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9 Global McDonald’s Desserts That NEED To Come To The US

Before lactose intolerance hit me like a ton of bricks, my favorite dessert at McDonald’s was the Oreo McFlurry. A combination of vanilla soft serve and crumbles of Oreo cookies, the frozen treat was always a welcome solution for a sweltering afternoon or a particularly salty meal.

As life took me down a fast food industry-driven path, I wondered what other desserts were out there that were as worthy as the Oreo McFlurry.

Not too long ago, McDonald’s opened up an HQ restaurant in Chicago that offered items found exclusive at McDonald’s from other countries. While there were SOME international dessert options, they pretty much stuck to the American staples at the HQ location.

While I won’t be jetsetting around the globe any time soon, I can dream of all the fast food desserts I’d like to get my sugar-lovin’ mitts on in the hopefully not-too-distant future. Here are some international McDonald’s desserts (past and present) that I would love to taste one day.

Taro Pie (China)

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Taro was an acquired taste for me, but once I got used to the sweet, earthy flavor, I loved it. McDonald’s China offers a deep-fried taro pie that’s got some massive pieces of taro inside. It was also noticeably less sweeter than the American apple pie. Does well in a pinch if you’re not looking to experience a sugar crash during a long commute.

The item has also been featured at certain locations in Hawaii.

Cadbury Creme Egg McFlurry (Australia)

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Fans of the iconic Cadbury Creme egg will wish they lived a bit closer to Australia. The exclusive McFlurry that usually rolls around during the Easter season is made with the chain’s soft serve vanilla, chunks of Cadbury milk chocolate, and the Cadbury Creme filling. Speaking of Cadbury Creme, I’m embarrassed to admit I was nearing double digits before I realized rabbits didn’t actually lay eggs.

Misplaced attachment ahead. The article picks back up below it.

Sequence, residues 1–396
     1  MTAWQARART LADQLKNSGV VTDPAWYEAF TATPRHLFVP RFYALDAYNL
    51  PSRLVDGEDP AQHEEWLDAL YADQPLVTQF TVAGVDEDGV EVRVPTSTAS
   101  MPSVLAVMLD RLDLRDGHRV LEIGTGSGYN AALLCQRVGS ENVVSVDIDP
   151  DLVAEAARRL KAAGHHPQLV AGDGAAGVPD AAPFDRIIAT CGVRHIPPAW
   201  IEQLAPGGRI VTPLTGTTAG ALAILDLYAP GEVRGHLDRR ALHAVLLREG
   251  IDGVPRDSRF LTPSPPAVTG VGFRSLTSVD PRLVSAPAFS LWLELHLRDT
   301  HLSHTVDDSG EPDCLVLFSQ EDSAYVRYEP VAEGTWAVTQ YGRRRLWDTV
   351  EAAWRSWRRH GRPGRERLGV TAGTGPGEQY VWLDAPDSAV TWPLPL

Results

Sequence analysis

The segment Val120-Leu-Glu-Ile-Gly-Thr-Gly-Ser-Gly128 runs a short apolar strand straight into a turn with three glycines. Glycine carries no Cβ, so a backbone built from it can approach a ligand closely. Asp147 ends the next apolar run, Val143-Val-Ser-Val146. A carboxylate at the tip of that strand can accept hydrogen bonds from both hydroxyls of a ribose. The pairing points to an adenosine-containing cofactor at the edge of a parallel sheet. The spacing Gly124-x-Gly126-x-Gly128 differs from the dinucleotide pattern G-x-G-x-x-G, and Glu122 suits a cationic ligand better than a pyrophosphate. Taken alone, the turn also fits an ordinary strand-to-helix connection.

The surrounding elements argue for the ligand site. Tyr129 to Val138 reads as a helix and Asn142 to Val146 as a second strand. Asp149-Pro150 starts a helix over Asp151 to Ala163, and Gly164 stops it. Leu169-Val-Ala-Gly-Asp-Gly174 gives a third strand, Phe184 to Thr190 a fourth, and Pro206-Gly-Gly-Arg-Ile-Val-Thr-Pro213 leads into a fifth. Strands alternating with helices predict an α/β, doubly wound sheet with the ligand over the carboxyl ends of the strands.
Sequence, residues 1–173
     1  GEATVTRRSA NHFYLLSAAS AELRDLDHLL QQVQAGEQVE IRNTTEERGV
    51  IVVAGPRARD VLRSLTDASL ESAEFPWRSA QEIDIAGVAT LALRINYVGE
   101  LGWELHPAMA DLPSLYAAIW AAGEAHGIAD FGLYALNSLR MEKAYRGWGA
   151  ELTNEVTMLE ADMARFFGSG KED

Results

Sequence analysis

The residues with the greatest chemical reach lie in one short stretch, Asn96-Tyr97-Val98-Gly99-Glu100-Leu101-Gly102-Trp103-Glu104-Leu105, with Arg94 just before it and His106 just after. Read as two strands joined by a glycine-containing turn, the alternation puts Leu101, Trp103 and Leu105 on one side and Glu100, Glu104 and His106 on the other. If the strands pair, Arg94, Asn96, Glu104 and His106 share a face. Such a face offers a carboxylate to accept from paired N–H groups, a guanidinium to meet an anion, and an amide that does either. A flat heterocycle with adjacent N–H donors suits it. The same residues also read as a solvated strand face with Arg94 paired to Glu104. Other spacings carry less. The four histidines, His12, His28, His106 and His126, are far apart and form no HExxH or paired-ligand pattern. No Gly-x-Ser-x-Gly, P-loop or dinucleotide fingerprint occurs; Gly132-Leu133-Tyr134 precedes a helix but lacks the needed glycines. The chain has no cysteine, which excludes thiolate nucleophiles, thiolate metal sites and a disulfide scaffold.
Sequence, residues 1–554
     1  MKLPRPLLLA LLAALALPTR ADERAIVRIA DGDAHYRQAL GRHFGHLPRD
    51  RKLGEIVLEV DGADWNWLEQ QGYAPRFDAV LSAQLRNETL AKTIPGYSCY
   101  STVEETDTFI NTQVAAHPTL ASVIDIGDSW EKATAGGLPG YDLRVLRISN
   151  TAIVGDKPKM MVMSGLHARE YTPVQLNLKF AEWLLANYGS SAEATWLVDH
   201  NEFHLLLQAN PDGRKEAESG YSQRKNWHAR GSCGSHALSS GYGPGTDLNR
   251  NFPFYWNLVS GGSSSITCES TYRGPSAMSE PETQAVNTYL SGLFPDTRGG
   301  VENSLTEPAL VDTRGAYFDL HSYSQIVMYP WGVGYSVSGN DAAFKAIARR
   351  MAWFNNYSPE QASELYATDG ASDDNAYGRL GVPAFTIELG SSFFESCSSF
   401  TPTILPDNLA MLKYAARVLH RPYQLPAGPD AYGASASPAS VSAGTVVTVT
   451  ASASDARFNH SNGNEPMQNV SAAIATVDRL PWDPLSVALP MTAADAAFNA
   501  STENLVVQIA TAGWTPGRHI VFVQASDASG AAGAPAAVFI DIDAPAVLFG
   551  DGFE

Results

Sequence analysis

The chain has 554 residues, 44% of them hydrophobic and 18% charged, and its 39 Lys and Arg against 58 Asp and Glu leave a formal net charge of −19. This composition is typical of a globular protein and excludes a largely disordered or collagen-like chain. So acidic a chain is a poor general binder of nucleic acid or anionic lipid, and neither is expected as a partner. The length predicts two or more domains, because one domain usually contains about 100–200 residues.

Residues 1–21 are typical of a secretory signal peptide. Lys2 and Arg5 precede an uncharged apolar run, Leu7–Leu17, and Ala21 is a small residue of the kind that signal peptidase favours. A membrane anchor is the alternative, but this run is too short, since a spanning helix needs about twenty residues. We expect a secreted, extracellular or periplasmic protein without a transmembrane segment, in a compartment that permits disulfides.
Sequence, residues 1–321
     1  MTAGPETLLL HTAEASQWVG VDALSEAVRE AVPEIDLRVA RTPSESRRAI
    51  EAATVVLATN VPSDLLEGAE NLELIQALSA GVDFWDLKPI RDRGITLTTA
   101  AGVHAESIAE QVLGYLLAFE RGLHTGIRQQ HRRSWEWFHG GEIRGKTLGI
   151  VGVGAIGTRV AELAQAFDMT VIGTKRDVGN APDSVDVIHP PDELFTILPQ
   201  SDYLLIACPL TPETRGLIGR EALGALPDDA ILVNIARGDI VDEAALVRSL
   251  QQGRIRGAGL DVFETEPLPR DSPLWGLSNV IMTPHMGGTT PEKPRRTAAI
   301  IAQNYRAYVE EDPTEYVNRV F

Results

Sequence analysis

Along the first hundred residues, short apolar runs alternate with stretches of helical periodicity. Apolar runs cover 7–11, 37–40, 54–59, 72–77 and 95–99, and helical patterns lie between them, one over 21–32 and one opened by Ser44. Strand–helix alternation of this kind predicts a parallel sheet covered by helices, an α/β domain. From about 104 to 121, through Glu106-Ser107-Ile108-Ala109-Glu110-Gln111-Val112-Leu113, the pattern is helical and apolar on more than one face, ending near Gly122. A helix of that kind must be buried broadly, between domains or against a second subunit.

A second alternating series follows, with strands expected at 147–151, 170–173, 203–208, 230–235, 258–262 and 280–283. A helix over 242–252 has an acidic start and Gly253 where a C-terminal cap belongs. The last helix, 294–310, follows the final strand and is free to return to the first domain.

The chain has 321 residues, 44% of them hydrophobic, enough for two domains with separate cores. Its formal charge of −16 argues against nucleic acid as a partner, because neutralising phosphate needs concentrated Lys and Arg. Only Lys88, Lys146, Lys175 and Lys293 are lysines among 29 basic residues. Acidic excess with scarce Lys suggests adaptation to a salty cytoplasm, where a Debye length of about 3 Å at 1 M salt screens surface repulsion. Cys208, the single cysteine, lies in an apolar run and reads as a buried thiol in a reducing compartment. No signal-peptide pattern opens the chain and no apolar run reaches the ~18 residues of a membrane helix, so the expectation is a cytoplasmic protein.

Gudetama McFlury (Japan)

A few months ago, McDonald’s released a limited-edition Gudetama McFlurry in Japan. The serving containers featured a whimsical illustration of the popular depressed egg character while the McFlurry itself featured a rich custard, soft serve, a chewy sponge cake, and a generous drizzle of caramel sauce. Perhaps a McFlurry of his namesake will cheer up old Gudetama.

Oreo Cone With Purple Sweet Potato Soft Serve (Hong Kong)

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Arguably one of McDonald’s most photogenic desserts can be found in Hong Kong. The sweet potato soft serve is swirled to near perfection onto a jet-black Oreo waffle cone, offering a creamy taste paired with the earthy notes that come from the root vegetable. It could be my eyes playing tricks on me, but I’ve yet to see a soft serve cone look less than immaculate. As a veritable cherry on top, the dessert is even garnished with a mini Oreo cookie.

Snickers McFlurry (Pakistan)

Snickers fans may want to sink their sweet tooth directly into this Snickers McFlurry. Found in McDonald’s locations in Pakistan, Hungary, Malta, and Cyprus, this time-exclusive dessert is the fast food chain’s hot take on a Snickers Bar. The McFlurry is made with vanilla soft serve, roasted peanuts, chocolate, and caramel sauce.

Bubblegum Squash McFlurry (Australia)

I had to first look up what Bubblegum Squash actually meant first before getting excited for this McFlurry. This dessert features blue, white, and pink candy marshmallows over a bed of vanilla ice cream. No joke, this honestly looks like a dish straight out of that food fight scene from the Steven Spielberg classic, Hook.

Gelato (Italy)

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Vanilla soft serve tends to do well in a pinch, but nothing quite beats the taste of real gelato. McDonald’s locations in Italy actually served pints of gelato to customers a few years back. Man, makes me want to curl up at home with a good Reese Witherspoon movie and go to town on some.

Toblerone McFlurry (Denmark)

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A Toblerone is a dangerous thing. Blink once and you’ll already have snapped off every piece of that triangular chocolate bar filled with nuts. Patrons of McDonald’s in Denmark can enjoy that popular chocolate bar in a McFlurry form. Though I wouldn’t be opposed to straight dipping a Toblerone directly into some ice cream.